Proclamation, Dominion Day 26 Sep 1907; 26.09.1907; WY.1989.362
Proclamation, Dominion Day 26 Sep 1907About this object
These archives relate to the Proclamation of New Zealand as a Dominion.
They include a confidential letter addressed to the Chairman, Town Board, Wyndham signed by Sir Joseph Ward, dated 23 Sep 1907.
One telegram addressed to the Chairman of Town Board, Wyndham, received at 6.20pm on 24 Sep 1907 from Sir Joseph Ward (I. J. Ward).
One telegram addressed to The Chairman Town Board, Wyndham, received at 3.50 pm on 25 September 1907 from Sir Joseph Ward (I. J. Ward).
The letter received by the New Zealand Post & Telegraph Office at Wyndham addressed as 'Memo Confidential' to the 'Chairman,Town Board Wyndham', a valuable and treasured document in itself, was to be read and proclaimed to the residents of Wyndham at 11 am on 26 September 1907. It is handwritten in ink and signed on behalf of I J Ward. The Chairman of the Wyndham Town Board at the time was Mr George Hunter but this letter has been wired (sent by telegram) and handwritten at the Telegraph Office.
The letter reads:
23 9- 1---
The following is the text of the Royal Proclamation which I shall be glad if you will read to the residents at 11 am on Dominion Day -
It must be treated as confidential until then, as I have been specially directed that it is not to be made public until after it is read.
- Proclamation begins - By the King
- A Proclamation
- Edward R & I
Whereas we have on the petition of the members of the Legislative Council and the House of Representatives of our Colony of New Zealand determined that the title of the Dominion of New Zealand shall be for that of the Colony of New Zealand as the designation of the said Colony. We have therefore by and with the advice of our Privy Council thought fit to issue this our Royal Proclamation and we do ordain, declare and command that on and after the twentysixth day of September, one thousand nine hundred and seven, the said Colony of New Zealand and the territories belonging thereto shall be called and known by the title of the Dominion of New Zealand and we hereby give our command to all public departments accordingly.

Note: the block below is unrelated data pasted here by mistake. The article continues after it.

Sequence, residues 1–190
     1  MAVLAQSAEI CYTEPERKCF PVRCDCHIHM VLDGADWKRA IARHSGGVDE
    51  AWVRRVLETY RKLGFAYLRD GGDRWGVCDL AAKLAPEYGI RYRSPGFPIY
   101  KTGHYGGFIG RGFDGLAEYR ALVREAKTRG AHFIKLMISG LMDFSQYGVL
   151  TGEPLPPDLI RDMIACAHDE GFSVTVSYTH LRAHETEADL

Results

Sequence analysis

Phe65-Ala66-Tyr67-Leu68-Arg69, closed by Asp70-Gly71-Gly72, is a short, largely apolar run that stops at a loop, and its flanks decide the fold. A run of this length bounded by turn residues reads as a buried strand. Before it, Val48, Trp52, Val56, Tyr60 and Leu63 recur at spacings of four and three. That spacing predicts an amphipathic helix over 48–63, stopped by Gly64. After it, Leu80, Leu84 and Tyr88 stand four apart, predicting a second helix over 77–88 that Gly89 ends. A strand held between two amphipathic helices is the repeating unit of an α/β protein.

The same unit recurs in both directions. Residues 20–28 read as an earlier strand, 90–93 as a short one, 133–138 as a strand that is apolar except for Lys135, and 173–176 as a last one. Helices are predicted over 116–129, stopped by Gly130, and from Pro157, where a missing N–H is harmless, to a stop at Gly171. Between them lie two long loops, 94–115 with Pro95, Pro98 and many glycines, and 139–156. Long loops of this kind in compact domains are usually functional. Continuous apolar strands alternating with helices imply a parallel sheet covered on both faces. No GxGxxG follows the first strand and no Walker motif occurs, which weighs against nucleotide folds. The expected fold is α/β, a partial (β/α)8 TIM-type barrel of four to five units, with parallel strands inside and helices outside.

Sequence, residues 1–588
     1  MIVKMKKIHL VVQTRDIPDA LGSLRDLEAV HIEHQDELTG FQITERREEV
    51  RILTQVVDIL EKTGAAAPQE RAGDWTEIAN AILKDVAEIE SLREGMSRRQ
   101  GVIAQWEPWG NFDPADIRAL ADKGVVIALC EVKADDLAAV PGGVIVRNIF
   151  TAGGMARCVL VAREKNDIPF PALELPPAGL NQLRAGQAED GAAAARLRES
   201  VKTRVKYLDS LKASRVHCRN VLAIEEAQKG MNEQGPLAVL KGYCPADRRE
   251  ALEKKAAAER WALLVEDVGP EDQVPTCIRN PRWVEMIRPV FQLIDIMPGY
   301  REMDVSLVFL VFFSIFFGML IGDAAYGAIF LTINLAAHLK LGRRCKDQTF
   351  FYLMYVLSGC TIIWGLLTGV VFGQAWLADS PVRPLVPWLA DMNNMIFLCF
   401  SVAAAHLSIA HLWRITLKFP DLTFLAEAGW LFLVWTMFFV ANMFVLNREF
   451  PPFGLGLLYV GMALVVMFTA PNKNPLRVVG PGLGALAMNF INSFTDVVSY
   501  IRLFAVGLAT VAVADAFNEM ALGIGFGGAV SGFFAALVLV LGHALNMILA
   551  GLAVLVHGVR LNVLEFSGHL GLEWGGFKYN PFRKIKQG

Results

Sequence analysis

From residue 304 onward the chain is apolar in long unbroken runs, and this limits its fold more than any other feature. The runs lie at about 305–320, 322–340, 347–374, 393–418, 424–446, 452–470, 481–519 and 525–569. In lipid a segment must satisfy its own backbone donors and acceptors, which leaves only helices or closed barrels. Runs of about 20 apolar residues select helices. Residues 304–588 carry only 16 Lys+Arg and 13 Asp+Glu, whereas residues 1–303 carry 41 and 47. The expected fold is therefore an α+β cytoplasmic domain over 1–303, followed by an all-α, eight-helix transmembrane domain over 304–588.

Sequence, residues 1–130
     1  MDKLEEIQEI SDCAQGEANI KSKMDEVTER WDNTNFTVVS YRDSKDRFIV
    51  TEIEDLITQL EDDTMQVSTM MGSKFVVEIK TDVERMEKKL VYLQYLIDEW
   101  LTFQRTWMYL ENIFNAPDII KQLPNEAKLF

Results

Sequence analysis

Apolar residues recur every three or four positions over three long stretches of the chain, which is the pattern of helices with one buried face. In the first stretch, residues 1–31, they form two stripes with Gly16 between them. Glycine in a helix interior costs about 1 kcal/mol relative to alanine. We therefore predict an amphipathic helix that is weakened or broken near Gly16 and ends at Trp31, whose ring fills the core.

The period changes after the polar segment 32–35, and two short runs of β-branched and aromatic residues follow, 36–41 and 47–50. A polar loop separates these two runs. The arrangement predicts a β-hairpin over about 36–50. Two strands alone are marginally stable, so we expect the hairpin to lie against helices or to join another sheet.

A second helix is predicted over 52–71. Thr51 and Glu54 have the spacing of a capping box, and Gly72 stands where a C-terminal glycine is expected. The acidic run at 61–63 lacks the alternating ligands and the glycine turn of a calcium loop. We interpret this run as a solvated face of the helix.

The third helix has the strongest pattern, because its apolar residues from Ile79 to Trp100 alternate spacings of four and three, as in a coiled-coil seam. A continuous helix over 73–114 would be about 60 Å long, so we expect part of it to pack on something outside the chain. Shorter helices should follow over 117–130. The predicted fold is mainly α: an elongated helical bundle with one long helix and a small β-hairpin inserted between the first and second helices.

Given at our Court at Buckingham Palace, this ninth day of September in the year of Our Lord, one thousand nine hundred and seven, in the seventh year of our reign
God Save the King
I J Ward'
The telegram received by the Wyndham Town Board Chairman on 24 September 1907 reads as follows:
'I shall be exceedingly pleased if your board will assist in every possible way to make Thursday next Dominion Day a memorable one by celebrating the occasion in your town in any manner the board may deem best as you are no doubt aware the date has been proclaimed a public holiday throughout almost the whole of the Country and I trust that it is not too late for this to be done in your town- also all education boards have been requested to arrange for school children to have a holiday and if you are unable to arrange a parade of any volunteers or various public bodies you could no doubt arrange for the school children to take part in some ceremony befitting the occasion. I shall wire you tomorrow a copy of the proclamation declaring New Zealand a Dominion in order that it may be read at any function arranged, It is being read elsewhere at eleven - a.m-